BANGKOK (Reuters) - Myanmar inaugurated its first civilian government in nearly half a century on Wednesday, but with members of the old military regime still in prominent positions, the prospect of any big change remains slim.
The army junta made way for a new president to lead a government of 30 ministers, most of whom are retired or serving generals who were part of the old power clique that has ruled the former British colony with an iron fist.
Below are some questions and answers about what lies ahead for Myanmar, a resource-rich country nestled strategically between India, China and Thailand but held back by decades of trade sanctions and economic mismanagement.
With most of the same faces still holding the reins of power, reforms are unlikely in the near term, and especially while the junta’s authoritarian, 78-year-old paramount leader, Senior General Than Shwe, is still alive.
The release from seven years of house arrest of Nobel laureate Aung San Suu Kyi in November raised hopes of positive change ahead, but the regime has given no indication it will mend its ways or shift its stance on anything.
Dozens of laws have been passed in virtual secrecy and a huge, largely opaque, privatisation process went ahead in advance of the formation of parliament, laying the foundations for a new system that looks very much like the old one — dominated by the generals and their business cronies.
Since the Nov. 7 election, the junta has continued to sideline and jail its opponents.
It has made no effort to reach out to the international community, hold a dialogue with Suu Kyi, seek reconciliation with armed ethnic groups, free an estimated 2,100 political prisoners or bring pro-democracy forces into the political fold.
Myanmar’s paramount leader has relinquished his political and military positions and is likely to retire, but he will continue to wield sizable influence and few will dare to challenge him. Than Shwe is believed to have monopolised all power since he took over in 1992 and it is unlikely his successors will dream of operating independently.
Than Shwe has placed loyalists in all the key positions in the executive, judiciary, legislature and armed forces. The power Than Shwe once held will now be shared between the president, the cabinet, parliament and the military, an effective slicing-up of responsibilities probably designed to prevent the emergence of another strongman, analysts say.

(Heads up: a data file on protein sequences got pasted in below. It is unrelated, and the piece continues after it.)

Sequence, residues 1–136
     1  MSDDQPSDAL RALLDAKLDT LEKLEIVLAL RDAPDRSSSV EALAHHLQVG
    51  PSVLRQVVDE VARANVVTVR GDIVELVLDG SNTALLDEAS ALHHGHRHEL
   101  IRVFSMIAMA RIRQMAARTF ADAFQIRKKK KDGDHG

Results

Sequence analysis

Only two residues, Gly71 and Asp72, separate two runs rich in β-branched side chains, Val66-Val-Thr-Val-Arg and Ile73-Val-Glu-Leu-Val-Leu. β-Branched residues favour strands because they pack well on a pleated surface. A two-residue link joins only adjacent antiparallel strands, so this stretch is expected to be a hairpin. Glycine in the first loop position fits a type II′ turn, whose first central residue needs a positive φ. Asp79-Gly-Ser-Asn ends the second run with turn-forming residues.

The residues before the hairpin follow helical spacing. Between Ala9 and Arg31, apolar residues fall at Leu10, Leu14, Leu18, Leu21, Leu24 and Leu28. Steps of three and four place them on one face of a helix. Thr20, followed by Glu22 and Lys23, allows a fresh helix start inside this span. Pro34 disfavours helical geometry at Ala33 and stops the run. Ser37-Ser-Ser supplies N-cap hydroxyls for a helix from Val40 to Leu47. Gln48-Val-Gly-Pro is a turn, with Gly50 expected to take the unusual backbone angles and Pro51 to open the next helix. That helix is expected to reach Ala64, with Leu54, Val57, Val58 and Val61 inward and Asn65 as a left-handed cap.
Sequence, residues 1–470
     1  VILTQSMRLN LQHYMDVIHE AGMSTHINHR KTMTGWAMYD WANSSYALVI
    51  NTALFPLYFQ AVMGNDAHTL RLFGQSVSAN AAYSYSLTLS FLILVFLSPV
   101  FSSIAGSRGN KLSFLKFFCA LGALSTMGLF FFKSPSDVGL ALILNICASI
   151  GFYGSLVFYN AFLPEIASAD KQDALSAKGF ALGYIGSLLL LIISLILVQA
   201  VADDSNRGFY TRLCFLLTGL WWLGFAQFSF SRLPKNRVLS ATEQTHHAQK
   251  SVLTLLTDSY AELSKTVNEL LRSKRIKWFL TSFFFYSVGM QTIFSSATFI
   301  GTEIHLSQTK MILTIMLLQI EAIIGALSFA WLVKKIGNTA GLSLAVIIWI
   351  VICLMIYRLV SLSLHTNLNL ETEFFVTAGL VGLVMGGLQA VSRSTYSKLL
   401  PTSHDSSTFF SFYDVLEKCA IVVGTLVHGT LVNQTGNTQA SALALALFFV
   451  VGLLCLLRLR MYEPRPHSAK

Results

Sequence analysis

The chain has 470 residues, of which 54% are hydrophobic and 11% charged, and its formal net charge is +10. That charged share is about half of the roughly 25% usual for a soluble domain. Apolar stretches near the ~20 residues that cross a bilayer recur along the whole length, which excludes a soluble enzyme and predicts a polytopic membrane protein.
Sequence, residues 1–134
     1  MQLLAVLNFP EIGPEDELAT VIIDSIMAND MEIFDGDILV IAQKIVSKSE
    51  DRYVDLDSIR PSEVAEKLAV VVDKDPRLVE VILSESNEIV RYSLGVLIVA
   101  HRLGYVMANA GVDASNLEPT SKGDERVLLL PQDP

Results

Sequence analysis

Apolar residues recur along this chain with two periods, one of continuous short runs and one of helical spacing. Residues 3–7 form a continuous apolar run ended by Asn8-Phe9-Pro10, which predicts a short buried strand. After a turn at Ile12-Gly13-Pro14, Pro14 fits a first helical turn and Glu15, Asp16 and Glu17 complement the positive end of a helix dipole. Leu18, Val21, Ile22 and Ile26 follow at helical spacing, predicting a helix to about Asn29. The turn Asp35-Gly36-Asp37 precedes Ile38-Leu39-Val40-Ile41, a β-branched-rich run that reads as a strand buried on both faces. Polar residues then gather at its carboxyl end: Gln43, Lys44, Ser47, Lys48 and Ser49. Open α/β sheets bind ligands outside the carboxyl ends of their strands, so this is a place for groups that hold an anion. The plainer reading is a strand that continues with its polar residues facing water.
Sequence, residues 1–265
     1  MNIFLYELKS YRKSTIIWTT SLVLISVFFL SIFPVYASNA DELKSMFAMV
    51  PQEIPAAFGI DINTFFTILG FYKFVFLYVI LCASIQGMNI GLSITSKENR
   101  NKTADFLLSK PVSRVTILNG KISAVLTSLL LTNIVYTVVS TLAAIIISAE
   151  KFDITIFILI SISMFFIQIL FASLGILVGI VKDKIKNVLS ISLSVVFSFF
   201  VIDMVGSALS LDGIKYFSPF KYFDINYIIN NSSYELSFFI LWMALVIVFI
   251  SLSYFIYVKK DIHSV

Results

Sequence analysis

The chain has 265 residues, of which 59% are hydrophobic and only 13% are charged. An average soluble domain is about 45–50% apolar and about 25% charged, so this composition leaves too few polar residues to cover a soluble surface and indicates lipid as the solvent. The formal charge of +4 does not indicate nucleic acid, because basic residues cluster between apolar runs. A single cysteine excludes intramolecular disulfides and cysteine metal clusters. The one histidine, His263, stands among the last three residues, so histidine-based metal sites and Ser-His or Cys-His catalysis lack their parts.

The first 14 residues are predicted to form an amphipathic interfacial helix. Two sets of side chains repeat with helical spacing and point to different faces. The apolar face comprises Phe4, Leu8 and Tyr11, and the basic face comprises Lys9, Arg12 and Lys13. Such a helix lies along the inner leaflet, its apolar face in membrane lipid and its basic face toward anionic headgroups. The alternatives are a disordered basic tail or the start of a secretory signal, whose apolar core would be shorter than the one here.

Than Shwe purged his predecessors and is known to be deeply unpopular, not just among the public but within the army itself. Analysts say he may have devised the new system to allow himself a gradual exit from the political scene.
Although it is widely accepted that Western sanctions have failed to hurt the regime, seving only to push the country closer to China and its Asian allies, there is no sign the embargoes will be lifted any time soon and the international community is largely sceptical about the new administration.
Western countries have indicated they will need to see concrete changes before lifting the embargoes. Suu Kyi’s party, the National League for Democracy (NLD), recently recommended they remain in place although it has urged dialogue on the issue.
This stance has angered the generals, but experts say the NLD is probably using sanctions as a bargaining chip, as it tries to push ahead with its pro-democracy agenda at a time when it has no official role, having been banned by the authorities for refusing to take part in the general election.
The dissolution of the junta will be seen as a positive step by the international community, which may try to test the waters by seeking engagement with the new leadership. It remains to be seen if the former generals now in charge of the country will respond.
Most experts say the new government will be much like the old one, especially while Than Shwe is alive, although some see this as a window of opportunity for change, albeit small.
One bright spot is the formation of 14 regional assemblies that are seen as a chance for Myanmar’s many ethnic groups to have a say in local politics in a way that would not threaten the military’s grip on central power.
Although the military retains a powerful role, its move away from direct control could provide room for outsiders and raise the chances of much-needed reforms.
Several of the new ministers are civilians with non-military backgrounds. An academic heads the education ministry and the rector of a medical institute is in charge of the health portfolio, suggesting there is scope for the involvement of technocrats in government.
Many experts say the onus for a shift in approach is as much on the international community as on the new government. They warn that if the West maintains its hardline stance towards Myanmar, it could squander a chance to bring about change for its impoverished people. That’s why the lifting of sanctions, or at least a review, them, is seen as vital.
Editing by Alan Raybould